Remembering the Battle to Integrate Levittown

by Zachary Solomon   LAST YEAR, George Clooney’s Suburbicon, the sixth film that the actor has directed, bombed at the box office. Suburbicon was a combination of two scripts, one a neglected crime romp penned by Joel and Ethan Coen in the mid-1980s, the other a drama loosely informed by the notorious 1957 documentary, Crisis in Levittown. Suburbicon turned out to […]

Read More

In Memoriam: Julius Lester

by Bennett Muraskin   JULIUS LESTER  (January 29, 1939-January 18, 2018) embodied the historic Black-Jewish bond in America, as well as Black-Jewish tensions, in his work as a prolific writer, folk musician, folklorist, and public intellectual — and in the very fabric of his identity. The son of a Black minister, he grew up in the upper South, graduated  […]

Read More

In Memoriam: The Woman Who Popularized “Ms.”

by Bennett Muraskin   ALTHOUGH Ms. magazine is most identified with Gloria Steinem, the woman who most popularized the term “Ms.” was Sheila Michaels (1939-2017). The word enabled women to be identified as their own persons, rather than according to their marital status (Mrs. or Miss). Michaels’ career included a variety of jobs including cabdriver, technical editor, co-owner […]

Read More

Anti-Occupation Activists Undeterred By Israel’s Blacklist

Photo courtesy of Solidarity of Nations – Achvat Amim by Emily C. Bell   ISRAEL HAS ABRUPTLY closed the door on members of twenty organizations that support the boycott, divestment and sanctions movement (BDS). The list of organizations referred to as a “BDS blacklist” was released on January 7 and includes Code Pink, US Campaign for Palestinian Rights, […]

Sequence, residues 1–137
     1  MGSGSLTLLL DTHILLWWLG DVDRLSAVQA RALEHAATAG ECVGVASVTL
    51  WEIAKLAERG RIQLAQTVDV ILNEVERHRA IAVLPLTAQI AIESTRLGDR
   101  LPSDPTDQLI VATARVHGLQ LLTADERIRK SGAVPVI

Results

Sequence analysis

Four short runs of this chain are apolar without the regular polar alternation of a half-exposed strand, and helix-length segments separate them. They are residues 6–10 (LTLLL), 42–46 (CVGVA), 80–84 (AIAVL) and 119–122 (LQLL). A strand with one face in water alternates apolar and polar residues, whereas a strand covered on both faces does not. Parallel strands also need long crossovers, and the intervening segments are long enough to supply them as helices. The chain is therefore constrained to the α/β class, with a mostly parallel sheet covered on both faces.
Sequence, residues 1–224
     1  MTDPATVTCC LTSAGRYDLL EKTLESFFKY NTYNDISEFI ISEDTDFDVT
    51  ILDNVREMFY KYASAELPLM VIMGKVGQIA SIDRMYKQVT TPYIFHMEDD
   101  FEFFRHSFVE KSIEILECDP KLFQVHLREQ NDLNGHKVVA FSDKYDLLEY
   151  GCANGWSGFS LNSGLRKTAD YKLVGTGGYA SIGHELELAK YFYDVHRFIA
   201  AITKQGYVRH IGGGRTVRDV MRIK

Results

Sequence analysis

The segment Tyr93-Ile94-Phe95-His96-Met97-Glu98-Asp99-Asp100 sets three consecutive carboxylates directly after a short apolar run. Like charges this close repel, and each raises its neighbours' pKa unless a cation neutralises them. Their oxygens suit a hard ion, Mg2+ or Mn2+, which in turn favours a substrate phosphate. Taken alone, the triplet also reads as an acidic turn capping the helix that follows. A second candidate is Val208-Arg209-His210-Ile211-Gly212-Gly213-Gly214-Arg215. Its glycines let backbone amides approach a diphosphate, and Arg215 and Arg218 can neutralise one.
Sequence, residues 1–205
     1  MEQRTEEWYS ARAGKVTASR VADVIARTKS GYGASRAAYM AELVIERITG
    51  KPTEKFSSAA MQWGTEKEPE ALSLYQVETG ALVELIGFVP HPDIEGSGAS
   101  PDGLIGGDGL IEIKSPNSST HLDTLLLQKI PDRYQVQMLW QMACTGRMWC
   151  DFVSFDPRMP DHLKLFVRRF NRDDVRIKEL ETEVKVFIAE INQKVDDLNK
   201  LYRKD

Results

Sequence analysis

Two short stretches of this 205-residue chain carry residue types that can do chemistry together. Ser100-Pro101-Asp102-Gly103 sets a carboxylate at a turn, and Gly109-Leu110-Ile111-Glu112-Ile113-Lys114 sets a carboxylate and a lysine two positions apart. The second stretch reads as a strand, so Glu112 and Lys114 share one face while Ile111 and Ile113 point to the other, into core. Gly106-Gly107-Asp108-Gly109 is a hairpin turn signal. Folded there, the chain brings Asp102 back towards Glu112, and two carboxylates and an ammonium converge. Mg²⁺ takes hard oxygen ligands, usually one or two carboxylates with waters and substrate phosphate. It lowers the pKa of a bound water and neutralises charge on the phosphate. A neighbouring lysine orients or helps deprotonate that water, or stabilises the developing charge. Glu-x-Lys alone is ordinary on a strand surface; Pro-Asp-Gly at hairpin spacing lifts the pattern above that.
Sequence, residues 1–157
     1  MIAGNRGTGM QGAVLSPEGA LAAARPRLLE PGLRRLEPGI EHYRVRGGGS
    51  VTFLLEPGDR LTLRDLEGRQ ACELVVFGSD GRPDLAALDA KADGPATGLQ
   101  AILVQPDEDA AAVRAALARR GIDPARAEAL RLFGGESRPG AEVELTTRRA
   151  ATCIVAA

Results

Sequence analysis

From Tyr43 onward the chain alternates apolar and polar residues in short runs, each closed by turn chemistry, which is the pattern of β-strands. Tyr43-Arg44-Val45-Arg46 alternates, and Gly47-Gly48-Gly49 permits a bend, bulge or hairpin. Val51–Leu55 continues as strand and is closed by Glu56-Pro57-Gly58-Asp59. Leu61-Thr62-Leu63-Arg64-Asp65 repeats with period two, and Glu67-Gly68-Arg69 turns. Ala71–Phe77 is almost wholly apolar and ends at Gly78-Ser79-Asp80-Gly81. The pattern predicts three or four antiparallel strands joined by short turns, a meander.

Read More

Six Million Ku Klux Klansmen

by Dusty Sklar Discussed in this essay: The Second Coming of the KKK: The Ku Klux Klan of the 1920s and the American Political Tradition, by Linda Gordon. Liveright, 2017, 288 pages.   THE KU KLUX KLAN, America’s best-known racist society, has had three major phases of life since its founding right after the Civil War in 1866. […]

Read More

“Marshall” — Civil Rights and Old-Fashioned Shul Jews

by Elliot B. Gertel Discussed in this essay: Marshall, a film directed by directed by Reginald Hudlin and written by Michael and Jacob Koskoff. THE WELL-WRITTEN and finely-acted movie Marshall may have taken some liberties in depicting Thurgood Marshall (Chadwick Boseman) and Samuel Friedman (Josh Gad), the Bridgeport, Connecticut Jewish attorney who helped out with a noted […]

Read More

Opposing Segregation in Little Rock, Arkansas

Little Rock, Arkansas began to integrate its public schools on this date in 1959 while segregationists rallied at the State Capitol and then marched to Central High School, where police arrested twenty-one of them. This followed the “Lost Year” of 1958, in which Governor Orval Faubus closed the public schools to avoid federally-ordered school integration; to head off a […]

Read More

The Short Season, Part 2

HUSTLING FULL-TIME IN THE CATSKILLS by Elliot Podwill   To read Part 1, click here.   THE SOCIAL DARWINIAN universe we inhabited filtered down to adolescent social mores. A friend in high school was on several occasions turned down for dates by girls because his family car was dingy. (No subways or buses ran in South Fallsburg.) […]

Read More

If It’s Not Genocide, What Word Should We Use?

A DISSENT FROM OUR EDITORIAL ON THE BLACK LIVES MATTER PLATFORM by Dorothy Zellner From the Summer 2017 issue of Jewish Currents   I TAKE ISSUE with the Jewish Currents editorial, “Supporting the Black Lives Matter Platform, Its Slander of Israel Notwithstanding” (Autumn, 2016), in which the magazine unfortunately joined the pack of the hands-in-the-air-I’m–shocked-and-horrified Zionist […]

Read More

Rabbi Arthur Hertzberg

Arthur Hertzberg, a champion of Jewish liberalism and independent thought who led the American Jewish Congress, stoked Jewish support for the civil rights movement, called for Palestinian statehood immediately after the 1967 Six-Day War, helped to found Peace Now, and wrote, edited, or collaborated on thirteen books, many of them about American Jewish history and […]

Read More